image via zeitgeistfilms.com/billcunninghamnewyork
I'm a little late on this posting, but I feel that it's still relevant, hence this post. On Memorial Day weekend, I had the pleasure of watching Bill Cunningham New York, a documentary chronicling the humble life of the octogenarian godfather of street style photography. Although short, the film is thoroughly entertaining and Bill's quirky personality (along with several of the fashion industry icons that were interviewed) had me chuckling the whole time. At one point, the camera follows Bill around New York City as he photographs two schoolgirls in their uniforms. The girls give him dirty looks and then proceed to curse at him, not knowing who he is. His response? He laughs it off and turns toward the camera. Later, he's trying to get into a fashion show in Paris, and when the attendant doesn't let him in, another person approaches, escorts Bill inside, saying something to the effect of, "he's the most important person in the world." He's just not as recognized!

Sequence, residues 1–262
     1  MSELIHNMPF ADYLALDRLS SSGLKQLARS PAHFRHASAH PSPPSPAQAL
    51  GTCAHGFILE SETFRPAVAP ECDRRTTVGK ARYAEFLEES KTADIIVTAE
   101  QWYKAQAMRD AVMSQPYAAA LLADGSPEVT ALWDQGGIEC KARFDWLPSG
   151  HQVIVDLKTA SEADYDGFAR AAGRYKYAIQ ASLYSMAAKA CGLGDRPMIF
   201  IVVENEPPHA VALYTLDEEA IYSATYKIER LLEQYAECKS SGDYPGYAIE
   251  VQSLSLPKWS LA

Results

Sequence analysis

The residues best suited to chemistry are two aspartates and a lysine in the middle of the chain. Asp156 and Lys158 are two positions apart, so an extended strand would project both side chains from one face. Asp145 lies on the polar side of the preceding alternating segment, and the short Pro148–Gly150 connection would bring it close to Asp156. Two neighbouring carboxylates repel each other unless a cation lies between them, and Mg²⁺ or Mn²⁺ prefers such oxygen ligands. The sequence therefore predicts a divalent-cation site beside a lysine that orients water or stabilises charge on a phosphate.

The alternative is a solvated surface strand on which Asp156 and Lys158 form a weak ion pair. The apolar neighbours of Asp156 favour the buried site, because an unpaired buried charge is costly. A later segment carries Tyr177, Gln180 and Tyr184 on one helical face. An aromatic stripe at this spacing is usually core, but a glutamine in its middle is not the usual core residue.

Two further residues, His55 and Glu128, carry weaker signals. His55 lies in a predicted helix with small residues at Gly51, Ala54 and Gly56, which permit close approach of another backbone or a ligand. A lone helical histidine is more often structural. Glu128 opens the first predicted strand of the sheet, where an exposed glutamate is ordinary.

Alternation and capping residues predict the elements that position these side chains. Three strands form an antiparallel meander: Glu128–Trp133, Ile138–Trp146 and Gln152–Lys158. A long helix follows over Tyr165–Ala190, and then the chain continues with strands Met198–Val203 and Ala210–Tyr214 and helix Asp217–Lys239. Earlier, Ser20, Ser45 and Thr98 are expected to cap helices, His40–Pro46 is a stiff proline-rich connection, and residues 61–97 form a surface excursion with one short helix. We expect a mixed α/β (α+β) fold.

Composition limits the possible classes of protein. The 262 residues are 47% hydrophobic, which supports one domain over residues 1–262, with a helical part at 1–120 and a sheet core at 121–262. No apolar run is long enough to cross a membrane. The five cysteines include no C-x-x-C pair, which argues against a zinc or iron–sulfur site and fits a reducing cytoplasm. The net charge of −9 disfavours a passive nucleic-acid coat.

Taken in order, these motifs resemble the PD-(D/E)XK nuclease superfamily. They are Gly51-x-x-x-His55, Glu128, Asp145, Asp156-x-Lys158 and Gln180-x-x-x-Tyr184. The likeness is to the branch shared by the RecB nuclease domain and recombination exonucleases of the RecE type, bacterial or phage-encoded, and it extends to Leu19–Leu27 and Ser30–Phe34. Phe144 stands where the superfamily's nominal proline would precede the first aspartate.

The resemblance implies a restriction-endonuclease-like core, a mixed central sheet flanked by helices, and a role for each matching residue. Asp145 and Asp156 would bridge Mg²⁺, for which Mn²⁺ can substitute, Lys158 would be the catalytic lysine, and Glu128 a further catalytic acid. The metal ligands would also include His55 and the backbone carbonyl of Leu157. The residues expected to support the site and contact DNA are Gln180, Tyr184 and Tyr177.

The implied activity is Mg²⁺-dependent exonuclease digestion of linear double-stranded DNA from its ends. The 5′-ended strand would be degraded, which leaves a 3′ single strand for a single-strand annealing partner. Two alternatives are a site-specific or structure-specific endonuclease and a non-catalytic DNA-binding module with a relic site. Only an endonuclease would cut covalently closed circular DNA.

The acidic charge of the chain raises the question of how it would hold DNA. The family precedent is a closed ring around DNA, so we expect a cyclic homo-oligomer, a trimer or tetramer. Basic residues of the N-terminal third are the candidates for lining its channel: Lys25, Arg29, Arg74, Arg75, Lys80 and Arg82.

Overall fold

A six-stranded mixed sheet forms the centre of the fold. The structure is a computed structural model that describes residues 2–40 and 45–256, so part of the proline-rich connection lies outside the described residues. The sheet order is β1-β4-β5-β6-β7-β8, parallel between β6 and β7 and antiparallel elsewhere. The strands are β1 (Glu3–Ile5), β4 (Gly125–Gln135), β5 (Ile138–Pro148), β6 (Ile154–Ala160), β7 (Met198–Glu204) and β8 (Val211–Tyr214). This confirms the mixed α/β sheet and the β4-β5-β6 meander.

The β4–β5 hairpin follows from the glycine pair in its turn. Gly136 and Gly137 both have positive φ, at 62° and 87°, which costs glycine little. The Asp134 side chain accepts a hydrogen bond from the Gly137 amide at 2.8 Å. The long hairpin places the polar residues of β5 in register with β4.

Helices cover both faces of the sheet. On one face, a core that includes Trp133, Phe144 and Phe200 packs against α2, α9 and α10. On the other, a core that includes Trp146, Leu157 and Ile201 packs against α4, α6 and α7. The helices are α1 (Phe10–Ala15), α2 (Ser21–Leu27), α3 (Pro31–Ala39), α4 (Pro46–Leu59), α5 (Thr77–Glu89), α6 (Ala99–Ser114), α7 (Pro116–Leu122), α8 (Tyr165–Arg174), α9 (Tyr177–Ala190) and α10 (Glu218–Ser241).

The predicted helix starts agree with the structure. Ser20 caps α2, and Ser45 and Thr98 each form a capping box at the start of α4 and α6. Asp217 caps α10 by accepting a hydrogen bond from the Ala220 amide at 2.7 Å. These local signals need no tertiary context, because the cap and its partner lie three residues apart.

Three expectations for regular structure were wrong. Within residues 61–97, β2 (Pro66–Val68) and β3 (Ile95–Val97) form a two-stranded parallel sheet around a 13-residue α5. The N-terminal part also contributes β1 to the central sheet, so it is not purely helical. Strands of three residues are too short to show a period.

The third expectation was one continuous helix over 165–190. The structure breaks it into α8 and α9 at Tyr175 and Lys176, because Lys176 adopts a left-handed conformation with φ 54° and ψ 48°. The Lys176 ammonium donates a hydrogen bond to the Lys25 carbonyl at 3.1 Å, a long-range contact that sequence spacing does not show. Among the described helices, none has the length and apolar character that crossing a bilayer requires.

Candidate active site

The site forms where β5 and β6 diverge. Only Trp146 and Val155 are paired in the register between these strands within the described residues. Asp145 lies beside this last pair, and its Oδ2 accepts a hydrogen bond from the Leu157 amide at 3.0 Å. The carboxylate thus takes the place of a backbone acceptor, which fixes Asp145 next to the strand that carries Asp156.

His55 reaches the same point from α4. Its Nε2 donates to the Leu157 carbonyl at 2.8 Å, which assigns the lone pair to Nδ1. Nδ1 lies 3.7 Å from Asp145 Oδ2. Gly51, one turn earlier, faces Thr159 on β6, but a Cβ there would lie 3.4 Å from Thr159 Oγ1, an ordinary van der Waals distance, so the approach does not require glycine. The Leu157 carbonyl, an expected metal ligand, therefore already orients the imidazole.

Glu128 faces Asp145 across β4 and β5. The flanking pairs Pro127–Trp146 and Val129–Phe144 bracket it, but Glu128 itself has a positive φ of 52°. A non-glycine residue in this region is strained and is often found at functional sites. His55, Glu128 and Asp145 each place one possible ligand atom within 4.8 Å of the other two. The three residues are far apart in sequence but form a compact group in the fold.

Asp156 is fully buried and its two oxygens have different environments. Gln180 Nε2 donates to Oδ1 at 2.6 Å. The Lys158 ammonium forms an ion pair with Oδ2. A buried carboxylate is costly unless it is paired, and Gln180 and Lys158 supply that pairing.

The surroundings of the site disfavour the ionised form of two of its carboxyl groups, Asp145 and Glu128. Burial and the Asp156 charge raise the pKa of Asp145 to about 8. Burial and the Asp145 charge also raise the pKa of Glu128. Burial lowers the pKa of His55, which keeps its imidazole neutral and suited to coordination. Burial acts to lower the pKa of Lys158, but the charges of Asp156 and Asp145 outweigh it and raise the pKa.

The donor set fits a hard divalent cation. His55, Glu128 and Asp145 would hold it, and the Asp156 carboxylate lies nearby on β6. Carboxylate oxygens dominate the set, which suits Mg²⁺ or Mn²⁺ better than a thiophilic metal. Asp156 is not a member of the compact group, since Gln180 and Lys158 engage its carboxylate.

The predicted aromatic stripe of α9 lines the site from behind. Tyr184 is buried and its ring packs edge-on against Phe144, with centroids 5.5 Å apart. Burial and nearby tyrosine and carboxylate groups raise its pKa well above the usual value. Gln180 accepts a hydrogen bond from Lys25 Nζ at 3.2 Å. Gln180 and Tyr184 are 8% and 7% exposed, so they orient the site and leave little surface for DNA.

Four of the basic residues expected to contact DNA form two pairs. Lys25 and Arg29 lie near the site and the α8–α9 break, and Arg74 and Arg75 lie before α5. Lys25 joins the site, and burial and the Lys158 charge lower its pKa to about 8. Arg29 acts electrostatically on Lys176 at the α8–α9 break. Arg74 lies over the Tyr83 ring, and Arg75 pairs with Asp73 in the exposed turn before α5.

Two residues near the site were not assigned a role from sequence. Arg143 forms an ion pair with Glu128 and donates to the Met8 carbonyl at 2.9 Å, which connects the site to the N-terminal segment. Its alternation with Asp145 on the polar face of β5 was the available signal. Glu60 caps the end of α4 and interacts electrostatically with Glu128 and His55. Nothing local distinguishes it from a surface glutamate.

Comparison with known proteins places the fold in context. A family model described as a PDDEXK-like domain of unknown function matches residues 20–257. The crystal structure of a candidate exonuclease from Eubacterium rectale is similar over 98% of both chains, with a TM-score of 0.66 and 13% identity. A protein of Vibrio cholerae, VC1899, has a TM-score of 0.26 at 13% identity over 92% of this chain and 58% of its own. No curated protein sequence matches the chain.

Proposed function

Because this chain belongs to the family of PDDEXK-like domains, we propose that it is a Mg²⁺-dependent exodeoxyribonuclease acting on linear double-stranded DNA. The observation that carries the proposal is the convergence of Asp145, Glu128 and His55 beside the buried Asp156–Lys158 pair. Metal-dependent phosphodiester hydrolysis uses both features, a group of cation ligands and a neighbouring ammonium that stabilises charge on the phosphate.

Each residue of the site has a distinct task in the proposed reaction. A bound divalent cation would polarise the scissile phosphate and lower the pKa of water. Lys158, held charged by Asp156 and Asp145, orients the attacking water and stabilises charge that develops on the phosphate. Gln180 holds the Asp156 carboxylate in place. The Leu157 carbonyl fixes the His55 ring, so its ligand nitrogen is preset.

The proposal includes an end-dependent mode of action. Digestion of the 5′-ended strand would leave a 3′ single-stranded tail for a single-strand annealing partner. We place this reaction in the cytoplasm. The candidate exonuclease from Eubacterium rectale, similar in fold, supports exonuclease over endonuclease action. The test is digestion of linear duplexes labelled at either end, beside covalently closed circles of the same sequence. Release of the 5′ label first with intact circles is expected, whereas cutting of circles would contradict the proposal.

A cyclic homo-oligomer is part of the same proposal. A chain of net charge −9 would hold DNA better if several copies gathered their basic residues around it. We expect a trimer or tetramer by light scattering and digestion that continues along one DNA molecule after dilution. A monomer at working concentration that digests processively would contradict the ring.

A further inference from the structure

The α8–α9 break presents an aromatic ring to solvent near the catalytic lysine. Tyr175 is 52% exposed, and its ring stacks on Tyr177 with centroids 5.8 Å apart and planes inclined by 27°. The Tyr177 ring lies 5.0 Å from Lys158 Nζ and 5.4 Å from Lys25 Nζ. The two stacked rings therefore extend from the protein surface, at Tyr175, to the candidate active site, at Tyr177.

His candid style of photography and his ability to shoot while riding his bike are certainly endearing to me as a fellow cyclist and former street style photographer. Furthermore, he declines to be wined and dined at the numerous society events that he attends and is shown living in the same tiny Carnegie Hall artist studio (which is filled with file cabinets and photos, and lacks a kitchen or bathroom) for decades. When the interviewer asks Bill about his personal life, you get the sense that he doesn't enjoy being in the spotlight, and instead, he enjoys being an outsider observing others and the way they express themselves through personal adornment.I left the film inspired to be more creative in the way I dress. In the film, Bill is not shown using a computer, cell phone, or digital camera, so I left the theater wondering how he feels about modern technology: the internet, street style blogs, and social networking. In summary, this film is a must-see for anyone interested in fashion, street style, trends, photography, or cultural anthropology.